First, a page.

Movies

‘After Blue (Dirty Paradise)’ Review

Art house + sexy lesbians + sci-fi dystopia = cool, maybe?

You’re lying to yourself if you claim you can make out much of anything from After Blue. Director Bertrand Mandico’s newest is just as foreign when the credits roll as when it drops you in. On the bright side, it’s kind of like Xena: Warrior Princess, wherein everyone is stoned to hell and back and swaps spit.

Outcast Roxy (Paula Luna) is dubbed toxic by the women in her village, though you’ll never figure out why. One day on the beach, she discovers a woman-like being named Kate Bush (Agata Buzek)—and again, you’ll never figure out why she’s named after the English musician, but how about Stranger Things revitalizing her jamz, huh? Anyway, Roxy digs not-Kate Bush out of the sand. In an “oh, geez!” moment, not-Kate Bush starts killing people. Both Roxy and her cowardly mother Zora (Elina Löwensohn) are banished by the village elites until they can prove they’ve killed not-Kate Bush and bring back her corpse as proof.

The plot is thin in After Blue, but its world is fantastic: A kind of radioactive Candyland where only the women survive and, for some reason, phallic symbols stand in for lollipop trees and such. Sad, then, that the mesmerizing aesthetic doesn’t save it from frustrating momentum. Mandico (The Lost Boys) has crafted a lesbian fever dream in the style of Rainer Werner Fassbinder’s Querelle, replacing those gay pressure-cooked piers for a faraway planet where the men have died out and the women reign over a tribal dystopian paradise. Some moments feel like a tale spake by Homer, while others feel more like the whole thing is gearing up for a Howard Hawks-like Western. Yet it never allows itself to become much of anything, as it’s far too invested in its coolness; there’s a strong chance Mandico never intended his film to represent anything more than mere feelz.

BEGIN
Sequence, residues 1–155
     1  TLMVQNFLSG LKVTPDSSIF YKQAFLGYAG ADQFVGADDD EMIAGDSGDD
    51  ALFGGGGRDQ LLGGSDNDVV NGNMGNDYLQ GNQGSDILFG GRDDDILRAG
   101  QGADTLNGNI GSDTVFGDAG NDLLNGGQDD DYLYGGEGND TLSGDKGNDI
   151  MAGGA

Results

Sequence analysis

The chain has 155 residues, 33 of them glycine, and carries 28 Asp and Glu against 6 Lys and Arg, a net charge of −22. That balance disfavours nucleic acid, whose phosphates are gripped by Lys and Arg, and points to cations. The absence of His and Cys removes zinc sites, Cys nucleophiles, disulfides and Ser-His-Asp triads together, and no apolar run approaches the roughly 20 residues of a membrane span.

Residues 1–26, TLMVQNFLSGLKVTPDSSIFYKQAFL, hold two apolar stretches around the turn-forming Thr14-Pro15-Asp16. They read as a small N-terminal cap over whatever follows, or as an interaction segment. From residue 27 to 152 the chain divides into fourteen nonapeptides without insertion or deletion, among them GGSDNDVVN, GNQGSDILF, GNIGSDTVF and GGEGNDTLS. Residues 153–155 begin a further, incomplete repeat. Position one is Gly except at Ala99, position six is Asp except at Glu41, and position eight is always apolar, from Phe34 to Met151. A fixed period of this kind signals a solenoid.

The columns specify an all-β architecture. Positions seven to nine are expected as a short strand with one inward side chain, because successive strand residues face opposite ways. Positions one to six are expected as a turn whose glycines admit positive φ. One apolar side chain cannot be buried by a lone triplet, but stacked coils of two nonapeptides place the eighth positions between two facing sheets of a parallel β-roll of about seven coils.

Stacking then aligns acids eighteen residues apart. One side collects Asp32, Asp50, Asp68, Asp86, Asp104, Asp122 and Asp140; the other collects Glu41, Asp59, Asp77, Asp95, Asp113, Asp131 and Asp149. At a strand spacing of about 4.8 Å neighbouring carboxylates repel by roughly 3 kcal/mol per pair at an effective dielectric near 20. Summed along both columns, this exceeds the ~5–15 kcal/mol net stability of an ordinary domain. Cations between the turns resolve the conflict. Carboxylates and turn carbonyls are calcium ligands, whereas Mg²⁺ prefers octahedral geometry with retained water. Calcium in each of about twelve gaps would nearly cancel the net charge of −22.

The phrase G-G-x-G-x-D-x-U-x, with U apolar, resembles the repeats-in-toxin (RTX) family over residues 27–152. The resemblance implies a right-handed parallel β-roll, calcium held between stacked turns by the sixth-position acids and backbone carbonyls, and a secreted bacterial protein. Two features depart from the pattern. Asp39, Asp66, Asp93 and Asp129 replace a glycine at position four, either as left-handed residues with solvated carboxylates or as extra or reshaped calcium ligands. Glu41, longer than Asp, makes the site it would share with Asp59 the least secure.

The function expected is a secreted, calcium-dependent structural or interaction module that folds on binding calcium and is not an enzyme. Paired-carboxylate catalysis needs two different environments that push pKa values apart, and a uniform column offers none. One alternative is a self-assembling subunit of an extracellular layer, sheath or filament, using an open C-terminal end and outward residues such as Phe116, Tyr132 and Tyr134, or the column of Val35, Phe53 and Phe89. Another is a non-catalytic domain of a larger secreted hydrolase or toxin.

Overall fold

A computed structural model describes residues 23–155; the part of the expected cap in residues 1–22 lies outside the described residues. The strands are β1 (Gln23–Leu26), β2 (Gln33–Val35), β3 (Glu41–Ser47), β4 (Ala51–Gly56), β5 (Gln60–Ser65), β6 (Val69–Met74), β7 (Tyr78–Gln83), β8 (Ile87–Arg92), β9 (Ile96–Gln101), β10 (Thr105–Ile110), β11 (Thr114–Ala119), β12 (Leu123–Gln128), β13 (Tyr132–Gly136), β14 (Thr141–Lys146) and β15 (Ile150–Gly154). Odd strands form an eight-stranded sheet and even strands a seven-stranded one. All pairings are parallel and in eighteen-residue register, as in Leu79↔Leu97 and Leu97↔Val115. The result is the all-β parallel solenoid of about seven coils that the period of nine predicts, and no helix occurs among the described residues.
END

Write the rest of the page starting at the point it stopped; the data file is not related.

He’s the type of director who has long been an advocate for “feel, don’t think!” cinema, and you’ll know how dedicated he is to that stance by viewing just three minutes of anything he’s ever done. After Blue is more of the same, but with a color palette so evocative it’s a shame the script seems to have been scribbled on the back of a coffee receipt. Its main connecting thread is that every few minutes poor Roxy breaks down sobbing because her mother told her not to have sex with a weird tentacle beast. We’ve all been there, Roxy. After Blue is built for midnight screenings in some dingy-yet-beloved cinema populated by film school undergraduates. But hey, there are worse fates for movies. Cinematography nuts can go wild. Everyone else can just shrug.

6

+Dang it looks cool

-30 min too long; repetitive

After Blue

Directed by Mandico

With Luna and Löwensohn

CCA Cinema, NR, 129 min



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